Methods for repairing your disc
Mr. Clean Magic Eraser
Mr. Clean’s budget pad may be geared toward household cleaning, but it’s also surprisingly useful when it comes to restoring the proper finish to optical discs. Although you typically wet the magic eraser, lightly rubbing a dry eraser over the reflective surface of the disc — again, always in straight lines from the center of the disc outward — may smooth out some of the scratches on the reflective surface without affecting the data underneath.is made from melamine foam, the same kind used for sound and heat insulation, and it takes advantage of the unique properties of the material rather than chemicals to clean surfaces.
The idea is that the foam acts as an abrasive, like sandpaper, and may smooth out the outer layer of a disc and result in a smooth surface to read from. Think of it like pumice stone against the rough skin of your heel; rub it and you’ll get some of the dead skin off, but if you rub too hard, you’ll take off the important bits underneath. Be really careful to not rub too vigorously on the disc, or you’ll risk damaging the data layer underneath.
Unless you want to spend $500 or more on a professional resurfacing machine, it’s best just to avoid this option altogether. While these high-end devices are great for people who need to clean and fix hundreds of discs a month, they’re prohibitively expensive to buy and often require an upkeep cost that quickly exceeds the cost of simply replacing a few scratched DVDs. The less expensive versions, which you may see on clearance shelves for $10 or $20, tend to do more harm than good, often scratching recoverable discs beyond repair or simply dousing them in chemicals that only further damage their exterior. However, it’s common to find these machines at rental stores that sell used discs and they’ll often let you use theirs for a nominal fee.
This is where things start to get messy. If you’ve reached this point in our guide, that probably means no other method has worked. If you can get a single computer to read a copy of the disc, you can burn a replacement copy on a new disc so that you don’t have to worry about scratches on the old disc. If the scratching is too severe on the data side of the disc, it may have permanently damaged the outer reflective layer. In this case, you may be able to get one more use out of the disc by replacing the material with something comparable in order to read the working portion of the disc again.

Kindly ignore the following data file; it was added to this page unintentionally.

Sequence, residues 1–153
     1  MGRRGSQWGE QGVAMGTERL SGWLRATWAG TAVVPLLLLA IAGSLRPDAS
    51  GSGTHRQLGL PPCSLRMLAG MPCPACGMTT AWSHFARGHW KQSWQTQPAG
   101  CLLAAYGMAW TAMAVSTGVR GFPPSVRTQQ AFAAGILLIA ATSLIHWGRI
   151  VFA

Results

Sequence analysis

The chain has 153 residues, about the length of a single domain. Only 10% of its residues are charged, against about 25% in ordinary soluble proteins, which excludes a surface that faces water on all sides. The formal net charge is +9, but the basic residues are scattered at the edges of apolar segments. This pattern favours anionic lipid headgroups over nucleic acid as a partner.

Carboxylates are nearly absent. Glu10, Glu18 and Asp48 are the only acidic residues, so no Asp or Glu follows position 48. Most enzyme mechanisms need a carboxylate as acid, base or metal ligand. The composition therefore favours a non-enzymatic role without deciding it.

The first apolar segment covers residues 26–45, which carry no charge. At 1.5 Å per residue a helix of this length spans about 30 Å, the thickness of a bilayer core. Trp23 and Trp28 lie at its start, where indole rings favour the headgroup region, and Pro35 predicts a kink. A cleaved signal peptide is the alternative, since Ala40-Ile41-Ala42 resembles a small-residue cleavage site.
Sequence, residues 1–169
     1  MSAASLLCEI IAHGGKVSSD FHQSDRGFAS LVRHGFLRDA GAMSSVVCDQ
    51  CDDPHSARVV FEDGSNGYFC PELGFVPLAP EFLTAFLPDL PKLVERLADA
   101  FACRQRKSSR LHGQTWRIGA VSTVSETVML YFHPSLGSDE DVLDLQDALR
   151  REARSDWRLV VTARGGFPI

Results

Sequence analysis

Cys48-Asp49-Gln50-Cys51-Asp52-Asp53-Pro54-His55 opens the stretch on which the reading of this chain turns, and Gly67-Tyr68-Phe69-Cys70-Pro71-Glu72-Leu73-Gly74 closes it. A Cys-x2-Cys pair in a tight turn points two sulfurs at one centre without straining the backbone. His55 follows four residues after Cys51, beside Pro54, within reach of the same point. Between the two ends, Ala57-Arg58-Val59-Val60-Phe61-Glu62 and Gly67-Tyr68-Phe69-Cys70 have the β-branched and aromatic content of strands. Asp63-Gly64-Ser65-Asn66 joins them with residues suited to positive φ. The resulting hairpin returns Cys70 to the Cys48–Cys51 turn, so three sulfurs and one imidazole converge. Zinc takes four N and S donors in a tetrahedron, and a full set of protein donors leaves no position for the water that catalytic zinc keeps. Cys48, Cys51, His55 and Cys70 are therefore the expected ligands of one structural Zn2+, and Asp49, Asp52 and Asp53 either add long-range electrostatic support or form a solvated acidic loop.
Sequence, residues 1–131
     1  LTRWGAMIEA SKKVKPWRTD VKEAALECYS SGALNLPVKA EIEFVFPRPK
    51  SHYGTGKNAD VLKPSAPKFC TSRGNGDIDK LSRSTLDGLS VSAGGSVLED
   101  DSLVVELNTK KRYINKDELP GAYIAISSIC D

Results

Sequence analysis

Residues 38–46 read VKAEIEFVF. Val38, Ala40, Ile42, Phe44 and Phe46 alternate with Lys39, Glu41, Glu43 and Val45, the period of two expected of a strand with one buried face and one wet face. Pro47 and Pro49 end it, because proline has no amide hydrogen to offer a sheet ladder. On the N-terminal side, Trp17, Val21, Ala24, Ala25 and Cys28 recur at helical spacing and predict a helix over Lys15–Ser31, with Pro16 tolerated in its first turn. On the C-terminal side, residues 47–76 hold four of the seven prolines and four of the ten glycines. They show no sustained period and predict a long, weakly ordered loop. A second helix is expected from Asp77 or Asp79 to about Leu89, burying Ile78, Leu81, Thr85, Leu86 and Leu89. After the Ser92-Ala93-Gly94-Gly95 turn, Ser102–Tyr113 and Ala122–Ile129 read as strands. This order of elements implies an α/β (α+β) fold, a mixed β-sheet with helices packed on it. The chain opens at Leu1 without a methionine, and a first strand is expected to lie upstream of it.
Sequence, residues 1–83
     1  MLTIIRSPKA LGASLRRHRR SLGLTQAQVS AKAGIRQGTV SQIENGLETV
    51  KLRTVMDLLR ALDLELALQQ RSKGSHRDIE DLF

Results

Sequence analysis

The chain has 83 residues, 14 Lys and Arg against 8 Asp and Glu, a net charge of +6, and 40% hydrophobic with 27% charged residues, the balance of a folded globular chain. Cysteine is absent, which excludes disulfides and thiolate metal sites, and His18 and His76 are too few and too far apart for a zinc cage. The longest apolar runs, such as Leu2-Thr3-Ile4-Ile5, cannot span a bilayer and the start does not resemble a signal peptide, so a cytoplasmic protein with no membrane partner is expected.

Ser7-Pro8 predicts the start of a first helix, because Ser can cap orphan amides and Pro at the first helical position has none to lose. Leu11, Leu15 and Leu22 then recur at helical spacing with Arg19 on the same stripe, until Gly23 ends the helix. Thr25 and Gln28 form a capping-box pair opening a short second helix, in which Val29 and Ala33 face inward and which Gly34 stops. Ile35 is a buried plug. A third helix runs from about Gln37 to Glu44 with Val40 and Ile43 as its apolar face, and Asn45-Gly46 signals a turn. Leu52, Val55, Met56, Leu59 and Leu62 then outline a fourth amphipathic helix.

You can use a number of different materials at this point, some effective, and some born from rumors and common misconceptions. Chapstick, toothpaste, peanut butter, shoe polish, window cleaner, petroleum jelly, banana peels, and a number of other materials are purported to work for repairing a scratched disc, but they all have one commonality: Oil. The oils in these substances will help fill in some of the gaps left from scratching, even after they’ve been wiped clean. These oils provide a path for the laser to travel straight to the data and back.
Again, if you really care about your disc and want to save it, you’ve probably already taken it to a professional by this point. Nonetheless, if you’re still committed to watching your scratched disc, you could try slightly heating it. Polycarbonate has a very low melting point and becomes very malleable with only a bit of warmth. A desk lamp will do just fine, and you can just hold the disc through the ring in the middle up to the bulb. You don’t need to bend or flatten it, either — we’re just hoping that a little bit of heat will correct any minor scratches in the imprinted data and make the disc easier to read.
If you don’t succeed …
The sad fact is that while each of the above methods has a chance to work, it’s just as likely that they won’t. Generally, once you’ve damaged a disc enough that it won’t play, you’re out of luck. Unless you really need some coasters and don’t mind the scratched-up, silvery look, your discs could be headed to the recycling bin.
If after reading this guide you still want to expand your film collection, consult our guide to the best Blu-Ray movies, or go digital with the best films on Netflix. And think about this: The Netflix option is permanently scratch-resistant.